This week a number of fund houses announced their property funds are temporarily suspended. This included property funds managed by L&G, Janus Henderson and Aberdeen Standard Investments, to name just a few.

What is a fund ‘suspension’?

When a fund applies a ‘suspension’, it effectively means no client transactions are allowed. Basically, you can neither invest into the fund, nor can you withdraw from the fund. The fund itself continues to run as normal and be actively managed in terms of buying and selling assets, trying to generate returns, etc.

Why have the fund houses applied these suspensions?

These decisions have been taken due to the current turbulent market conditions, which has meant the fund’s Independent Valuers are unable to accurately value the properties within the funds. As an investor, the last thing you would want is the fund manager selling holdings in a property below true market value or investing in a property above market value. It therefore makes sense that under these circumstances, the best course of action is to temporarily suspend dealing of the funds.

The other factor to consider is that failing to suspend a fund due to this issue could mean investors selling out may receive more than what their share of the underlying properties were really worth, at the detriment to those remaining invested.

Has this happened before?

Whilst not a common occurrence, from time to time property funds do apply suspensions. Usually however it is due to liquidity issues, rather than the current situation of being unable to value the properties within the funds. The reason being, that unlike a traditional equity fund where assets can be bought and sold on a daily basis, the assets of a property fund take much longer to sell. Where a lot of investors are trying to draw their money out at the same time, the fund may struggle to meet investor demands due to not have enough readily available ‘cash’ to withdraw. Therefore, a property fund will apply a temporary ‘suspension’ until it has been able to sell holdings in order to free up additional cash.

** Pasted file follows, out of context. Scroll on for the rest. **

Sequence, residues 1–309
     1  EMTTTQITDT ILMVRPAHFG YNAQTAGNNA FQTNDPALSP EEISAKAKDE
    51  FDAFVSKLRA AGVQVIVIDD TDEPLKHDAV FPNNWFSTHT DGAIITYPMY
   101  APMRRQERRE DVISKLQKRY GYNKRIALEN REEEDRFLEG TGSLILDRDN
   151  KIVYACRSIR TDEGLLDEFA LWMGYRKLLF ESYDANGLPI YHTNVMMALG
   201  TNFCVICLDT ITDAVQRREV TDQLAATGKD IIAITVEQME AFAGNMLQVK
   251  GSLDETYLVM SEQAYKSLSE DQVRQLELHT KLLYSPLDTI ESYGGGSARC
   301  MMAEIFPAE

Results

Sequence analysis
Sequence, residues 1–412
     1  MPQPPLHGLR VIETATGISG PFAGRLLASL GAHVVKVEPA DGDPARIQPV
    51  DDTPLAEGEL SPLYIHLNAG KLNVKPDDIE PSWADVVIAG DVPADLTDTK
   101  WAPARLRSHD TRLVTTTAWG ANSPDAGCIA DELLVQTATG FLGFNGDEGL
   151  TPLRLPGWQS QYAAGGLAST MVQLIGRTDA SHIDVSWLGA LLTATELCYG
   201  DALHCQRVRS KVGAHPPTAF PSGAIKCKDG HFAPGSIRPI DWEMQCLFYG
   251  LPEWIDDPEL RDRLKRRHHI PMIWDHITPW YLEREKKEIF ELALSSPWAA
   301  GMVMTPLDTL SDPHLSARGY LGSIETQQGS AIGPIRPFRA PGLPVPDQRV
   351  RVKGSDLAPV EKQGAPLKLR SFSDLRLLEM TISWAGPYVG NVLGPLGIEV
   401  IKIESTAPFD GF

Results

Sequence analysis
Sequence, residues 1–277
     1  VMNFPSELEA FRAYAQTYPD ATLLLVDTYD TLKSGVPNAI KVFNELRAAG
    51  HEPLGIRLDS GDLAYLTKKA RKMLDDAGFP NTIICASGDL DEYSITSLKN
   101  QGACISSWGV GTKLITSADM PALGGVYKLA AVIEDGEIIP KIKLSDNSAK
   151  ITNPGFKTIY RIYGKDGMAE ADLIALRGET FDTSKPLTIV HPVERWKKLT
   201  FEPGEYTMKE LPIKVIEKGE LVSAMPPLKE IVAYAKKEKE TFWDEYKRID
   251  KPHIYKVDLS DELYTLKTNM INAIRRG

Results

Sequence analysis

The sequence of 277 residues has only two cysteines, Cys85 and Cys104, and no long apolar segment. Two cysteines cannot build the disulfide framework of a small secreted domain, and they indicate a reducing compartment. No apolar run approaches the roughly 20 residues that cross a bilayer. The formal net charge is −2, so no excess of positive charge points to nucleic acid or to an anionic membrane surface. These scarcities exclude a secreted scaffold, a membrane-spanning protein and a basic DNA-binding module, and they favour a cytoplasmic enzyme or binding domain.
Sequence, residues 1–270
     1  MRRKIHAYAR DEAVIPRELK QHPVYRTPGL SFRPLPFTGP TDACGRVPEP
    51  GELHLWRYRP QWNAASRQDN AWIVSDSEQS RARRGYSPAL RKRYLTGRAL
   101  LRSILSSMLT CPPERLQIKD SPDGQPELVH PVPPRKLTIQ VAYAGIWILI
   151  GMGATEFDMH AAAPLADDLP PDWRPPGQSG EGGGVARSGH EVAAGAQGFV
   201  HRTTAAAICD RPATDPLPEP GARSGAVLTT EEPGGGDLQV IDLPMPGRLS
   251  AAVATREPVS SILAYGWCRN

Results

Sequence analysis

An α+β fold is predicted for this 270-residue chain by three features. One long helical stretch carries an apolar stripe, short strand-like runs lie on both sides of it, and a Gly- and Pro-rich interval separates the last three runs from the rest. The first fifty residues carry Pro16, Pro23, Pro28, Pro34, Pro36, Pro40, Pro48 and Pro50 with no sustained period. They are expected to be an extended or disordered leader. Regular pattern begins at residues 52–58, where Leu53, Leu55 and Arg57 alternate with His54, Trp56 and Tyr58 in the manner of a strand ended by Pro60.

Will the value of my investments be impacted?

Possibly in the short term as the independent valuers are no longer confident in the valuations previously placed on the properties due to the recent / temporary collapse in demand following the COVID-19 situation.

So why invest in property funds?

Property funds can add a lot of value to a diversified portfolio. Typically, they tend to have low volatility, generate positive & steady returns, and offer low short-term correlation to other asset classes.

Property values are typically quite ‘sticky’, with the price of the underlying assets changing infrequently, whilst the income generated through rent is usually always fixed or increasing at set intervals (e.g. to match annual inflation). This results in the level of volatility from a direct property fund being very low when compared to equities and bonds, with property returns being insulated from wider stock market movements.

Is it only property funds that get suspended?

Whilst property funds are the most commonly impacted funds in terms of suspensions, it is potentially possible for any type of fund to be suspended. The most common reason, as mentioned above is due to a lack of liquidity. Such an example was the well-publicised situation with Neil Woodfords fund, where a large number of investors wanted access to their money at the same time.

What is the regulator doing about this?

In 2019, the FCA announced new rules forcing the suspension of a fund where there was material uncertainty over pricing of at least 20 per cent of the assets. Although these rules do not officially due to come into force until September 2020, it appears they have effectively been adopted early by fund houses in the face of such major economic turmoil.

What happens next?

When funds are suspended like this, it is usually for an initial 28 day period. At the end of that period the fund houses will then complete to decide whether to continue for a further period, or whether to remove the suspension. Thus, as is the case with much of the world right now (and not necessarily the preferred answer), it is simply a case of sitting and waiting.